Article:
May 6, 2002, Chandigarh, India
Chandigarh, May 5
Even as the Ravi Sidhu case continues to make headlines, is it not time that some kind of uniformity and incorporation of advice of experts in examination procedures be introduced? Well, the Punjab Civil Services Examination Rules 1930, applicable in both Punjab and Haryana, do not prohibit the use of external examiners.
Investigations by The Tribune reveal that there is no system of external experts having a meaningful say in the selection of candidates. At one point of time, members of the HPSC had refused to invite external experts to sit in interviews, saying that this would be like not having faith in the members who have “rich and vivid experience of various fields, thus there was no need to call in experts.” Interestingly, the above self-praise has come about even as the Constitution of the country does not specify a minimum qualification to become a member of any public service commission.
In late 1990s, a proposal was mooted to invite external experts to conduct interviews. This would have been on the UPSC pattern which has a procedure for conducting tests and interviews for IFS, IAS, IPS, IRS or other civil services examination. The UPSC carries out no recruitment without a written examination. For interview, it relies totally on a committee of experts which is shuffled frequently. These experts come from different walks of life. An expert does not sit on the same committee for more than two days.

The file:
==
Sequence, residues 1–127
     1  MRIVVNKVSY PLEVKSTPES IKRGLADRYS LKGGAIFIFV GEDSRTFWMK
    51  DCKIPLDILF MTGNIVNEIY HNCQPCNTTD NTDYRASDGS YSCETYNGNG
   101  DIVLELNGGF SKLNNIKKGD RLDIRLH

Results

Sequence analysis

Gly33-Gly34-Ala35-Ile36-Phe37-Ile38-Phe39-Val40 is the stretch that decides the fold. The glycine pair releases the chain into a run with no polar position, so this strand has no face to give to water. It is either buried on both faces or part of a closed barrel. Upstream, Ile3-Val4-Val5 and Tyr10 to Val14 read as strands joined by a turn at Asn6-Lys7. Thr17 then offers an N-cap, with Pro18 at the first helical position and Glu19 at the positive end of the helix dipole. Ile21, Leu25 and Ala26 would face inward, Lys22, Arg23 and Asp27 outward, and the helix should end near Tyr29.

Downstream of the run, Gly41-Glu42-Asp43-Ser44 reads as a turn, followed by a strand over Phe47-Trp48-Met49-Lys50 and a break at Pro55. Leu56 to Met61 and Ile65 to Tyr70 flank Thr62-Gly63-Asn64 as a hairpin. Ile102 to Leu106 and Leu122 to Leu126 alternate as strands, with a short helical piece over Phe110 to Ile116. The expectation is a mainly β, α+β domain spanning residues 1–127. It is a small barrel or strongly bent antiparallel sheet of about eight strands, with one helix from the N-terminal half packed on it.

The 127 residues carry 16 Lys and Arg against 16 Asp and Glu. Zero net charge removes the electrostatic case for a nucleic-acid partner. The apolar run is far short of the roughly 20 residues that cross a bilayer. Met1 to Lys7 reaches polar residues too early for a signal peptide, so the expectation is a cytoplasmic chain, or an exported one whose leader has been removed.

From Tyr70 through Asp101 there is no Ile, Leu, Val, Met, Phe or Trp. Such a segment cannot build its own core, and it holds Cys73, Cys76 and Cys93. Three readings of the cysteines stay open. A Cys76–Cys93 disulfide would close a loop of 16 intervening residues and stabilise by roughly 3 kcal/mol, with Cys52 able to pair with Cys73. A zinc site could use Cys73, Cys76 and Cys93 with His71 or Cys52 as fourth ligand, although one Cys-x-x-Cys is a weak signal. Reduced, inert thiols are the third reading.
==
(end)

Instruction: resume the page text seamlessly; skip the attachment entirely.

In the UPSC, each expert is given a detailed exposition on how to give marks and what type of questions to ask. All this was part of the proposal to the HPSC made in the late 1990s. It was suggested that since interviews in the commission carried 100 marks, the technique had to be legitimate and authentic.
The HPSC was suggested about the use of top academicians, directors of Indian Institutes of Management or Indian Institutes of Technology or Chief Executive Officers of top private companies. The entire set of proposals which included a system of who will set the question paper, a process of fixing fictitious roll numbers on answersheets before sending them for checking and a panel of experts had been copied from the UPSC. The members of the HPSC took it as an offence and wanted nothing of this sort to happen, investigations have revealed.
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